What are they?
As defined by the Collaborative for Academic, Social and Emotional Learning or CASEL, relationship, or interpersonal skills are “the ability to establish and maintain healthy and rewarding relationships with diverse individuals and groups.” Relationship skills are imperative for people to have in both a personal and professional setting. It is impossible to go about daily life without interacting with people. Despite how necessary these skills are, they’re rarely taught in professional or educational institutions.
How are Relationship Skills taught?
Traditionally, parents are the ones expected to teach their kids how to act and play with others, this usually boils down to phrases like “play nice” and “use your words.” This is better than nothing but very watered down, which is fine as a child but as these children grow up they usually need to learn how to behave through trial and error. For some, this is not a problem. But if someone does have problems interacting with others, they are rarely told how they can remedy this. Organizations such as CASEL and Leading Edge seek to remedy this by giving guidelines on how to interact with people. Mainly in a professional setting, but schools like PolkElementary and sites like pbisworld.com have ways on how children can learn and use relationship skills too.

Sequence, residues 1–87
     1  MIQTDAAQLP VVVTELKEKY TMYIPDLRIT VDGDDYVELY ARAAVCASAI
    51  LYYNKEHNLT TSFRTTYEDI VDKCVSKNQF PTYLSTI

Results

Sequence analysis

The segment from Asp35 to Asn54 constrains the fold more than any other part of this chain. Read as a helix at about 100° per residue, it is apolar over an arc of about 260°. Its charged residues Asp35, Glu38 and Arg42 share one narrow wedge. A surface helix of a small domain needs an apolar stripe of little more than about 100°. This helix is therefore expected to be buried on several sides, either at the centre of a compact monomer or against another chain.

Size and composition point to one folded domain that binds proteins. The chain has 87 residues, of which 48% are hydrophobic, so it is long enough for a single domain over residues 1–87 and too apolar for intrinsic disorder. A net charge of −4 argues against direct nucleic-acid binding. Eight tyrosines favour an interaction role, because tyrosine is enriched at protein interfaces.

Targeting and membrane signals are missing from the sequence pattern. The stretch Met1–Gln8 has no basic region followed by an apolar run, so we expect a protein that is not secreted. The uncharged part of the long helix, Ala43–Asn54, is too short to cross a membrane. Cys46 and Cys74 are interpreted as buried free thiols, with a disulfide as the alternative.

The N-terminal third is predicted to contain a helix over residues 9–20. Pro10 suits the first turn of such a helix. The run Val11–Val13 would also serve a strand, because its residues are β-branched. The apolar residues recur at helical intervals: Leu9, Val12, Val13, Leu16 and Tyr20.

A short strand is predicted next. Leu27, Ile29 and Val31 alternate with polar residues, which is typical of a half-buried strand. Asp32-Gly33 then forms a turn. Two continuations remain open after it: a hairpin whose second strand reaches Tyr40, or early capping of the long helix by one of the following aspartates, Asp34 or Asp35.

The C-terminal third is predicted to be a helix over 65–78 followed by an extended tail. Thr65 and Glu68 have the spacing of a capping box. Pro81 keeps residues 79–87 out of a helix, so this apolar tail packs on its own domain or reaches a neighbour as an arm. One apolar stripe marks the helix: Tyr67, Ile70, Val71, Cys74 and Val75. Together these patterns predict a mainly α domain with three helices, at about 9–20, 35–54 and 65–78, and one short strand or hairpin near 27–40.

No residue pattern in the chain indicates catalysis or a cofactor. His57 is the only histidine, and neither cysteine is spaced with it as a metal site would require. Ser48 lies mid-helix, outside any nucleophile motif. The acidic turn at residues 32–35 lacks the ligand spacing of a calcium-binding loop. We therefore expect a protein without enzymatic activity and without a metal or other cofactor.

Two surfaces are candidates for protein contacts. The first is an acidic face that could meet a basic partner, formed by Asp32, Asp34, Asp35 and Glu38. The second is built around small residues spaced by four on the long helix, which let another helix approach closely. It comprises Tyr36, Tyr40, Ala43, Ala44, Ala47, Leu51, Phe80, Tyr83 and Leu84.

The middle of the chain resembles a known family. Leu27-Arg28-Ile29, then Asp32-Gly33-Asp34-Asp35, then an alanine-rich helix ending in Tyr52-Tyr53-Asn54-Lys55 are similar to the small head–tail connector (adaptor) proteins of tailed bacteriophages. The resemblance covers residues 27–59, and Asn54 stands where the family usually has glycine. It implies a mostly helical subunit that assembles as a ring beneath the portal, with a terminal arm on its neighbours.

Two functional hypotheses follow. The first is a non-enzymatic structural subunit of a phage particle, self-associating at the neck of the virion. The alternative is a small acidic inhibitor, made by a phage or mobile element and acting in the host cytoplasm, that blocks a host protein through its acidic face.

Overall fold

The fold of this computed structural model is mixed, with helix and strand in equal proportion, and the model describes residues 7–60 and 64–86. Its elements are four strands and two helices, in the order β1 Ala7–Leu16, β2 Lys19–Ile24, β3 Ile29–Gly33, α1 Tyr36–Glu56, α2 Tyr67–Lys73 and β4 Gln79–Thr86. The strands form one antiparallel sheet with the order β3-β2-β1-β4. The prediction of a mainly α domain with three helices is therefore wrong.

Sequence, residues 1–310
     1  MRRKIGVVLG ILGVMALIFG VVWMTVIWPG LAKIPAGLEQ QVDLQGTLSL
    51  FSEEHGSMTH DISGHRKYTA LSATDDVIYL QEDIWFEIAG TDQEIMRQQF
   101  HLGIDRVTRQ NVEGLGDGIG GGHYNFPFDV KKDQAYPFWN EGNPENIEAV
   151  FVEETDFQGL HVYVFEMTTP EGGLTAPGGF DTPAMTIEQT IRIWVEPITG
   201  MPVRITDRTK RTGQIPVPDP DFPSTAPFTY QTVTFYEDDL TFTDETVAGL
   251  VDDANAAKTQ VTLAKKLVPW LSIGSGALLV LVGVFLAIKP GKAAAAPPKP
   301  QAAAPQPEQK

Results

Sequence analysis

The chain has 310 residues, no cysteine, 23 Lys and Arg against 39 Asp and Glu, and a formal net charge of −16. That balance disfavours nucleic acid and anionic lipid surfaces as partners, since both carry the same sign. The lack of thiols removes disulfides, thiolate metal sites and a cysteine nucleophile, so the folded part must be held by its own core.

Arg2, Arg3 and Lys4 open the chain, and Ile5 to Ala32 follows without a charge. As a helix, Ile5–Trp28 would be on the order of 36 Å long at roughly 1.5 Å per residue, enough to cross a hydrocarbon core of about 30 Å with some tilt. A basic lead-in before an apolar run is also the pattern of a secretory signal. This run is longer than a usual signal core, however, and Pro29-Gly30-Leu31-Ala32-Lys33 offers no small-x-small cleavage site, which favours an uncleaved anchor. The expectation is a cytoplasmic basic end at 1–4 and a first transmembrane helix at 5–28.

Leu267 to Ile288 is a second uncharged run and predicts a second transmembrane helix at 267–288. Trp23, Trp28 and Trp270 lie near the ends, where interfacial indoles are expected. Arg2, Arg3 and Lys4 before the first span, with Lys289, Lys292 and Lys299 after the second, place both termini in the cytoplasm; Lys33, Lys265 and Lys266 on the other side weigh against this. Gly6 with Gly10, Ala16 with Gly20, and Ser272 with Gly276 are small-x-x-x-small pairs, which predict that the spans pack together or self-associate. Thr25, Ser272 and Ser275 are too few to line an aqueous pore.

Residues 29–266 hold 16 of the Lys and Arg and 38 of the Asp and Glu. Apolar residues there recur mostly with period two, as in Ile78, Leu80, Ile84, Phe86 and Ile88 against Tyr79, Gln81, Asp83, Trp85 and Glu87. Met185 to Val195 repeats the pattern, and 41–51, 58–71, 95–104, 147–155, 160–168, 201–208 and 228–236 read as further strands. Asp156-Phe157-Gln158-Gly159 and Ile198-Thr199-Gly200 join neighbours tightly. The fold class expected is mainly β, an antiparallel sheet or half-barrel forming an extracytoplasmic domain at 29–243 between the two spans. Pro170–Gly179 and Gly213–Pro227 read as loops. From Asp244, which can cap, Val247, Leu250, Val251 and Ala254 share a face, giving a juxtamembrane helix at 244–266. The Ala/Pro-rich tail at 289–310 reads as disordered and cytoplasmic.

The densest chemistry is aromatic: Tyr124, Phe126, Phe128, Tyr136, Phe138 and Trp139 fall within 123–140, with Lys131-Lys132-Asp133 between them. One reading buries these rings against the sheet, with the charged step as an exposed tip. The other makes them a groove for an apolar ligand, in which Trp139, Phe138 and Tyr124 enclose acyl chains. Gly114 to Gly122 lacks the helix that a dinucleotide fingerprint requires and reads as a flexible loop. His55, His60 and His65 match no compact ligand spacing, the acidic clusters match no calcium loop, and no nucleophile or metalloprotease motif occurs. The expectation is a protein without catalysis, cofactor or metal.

Three Key Skills
One of the most basic forms of human interaction is through verbal and non-verbal communication. Communication is very important to have when it comes to sharpening your relationship skills. Verbal communication seems simple enough (recall the classic “use your words” strategy), but there is more that contributes to how ones’ words are perceived. First off, vocabulary. Be aware of your audience when choosing your words since certain situations can call for different phrasing. For example, you answer differently when your boss asks how your day is going than when your best friend does. It is best to be aware of how you would want to be addressed in a personal versus professional setting, but to also be aware of how your audience may feel as well. For example, if you are discussing a topic that you know much about with someone with similar knowledge, you may want to use jargon more freely as to not seem like your belittling them. Likewise, if you are discussing this same topic with someone who has expressed that they are new to this topic, sticking to simpler or more general terms may be better to avoid seeming like you are lording your knowledge over them.
- Social Engagement:
- Relationship building:
Despite being one of the most frequently used skills in society, there are few clear cut lessons on how to improve interpersonal or relationship skills. It is nearly impossible to go long periods of time without interacting with other people. It is necessary to do so in both educational and professional settings. By using Social Emotional Learning, people can find ways of improving their interpersonal skills, which will assist them in a professional setting, and allow them to communicate and socialize with their peers efficiently. Similarly, in a personal setting, it allows people to understand each other easier and find ways to strengthen bonds.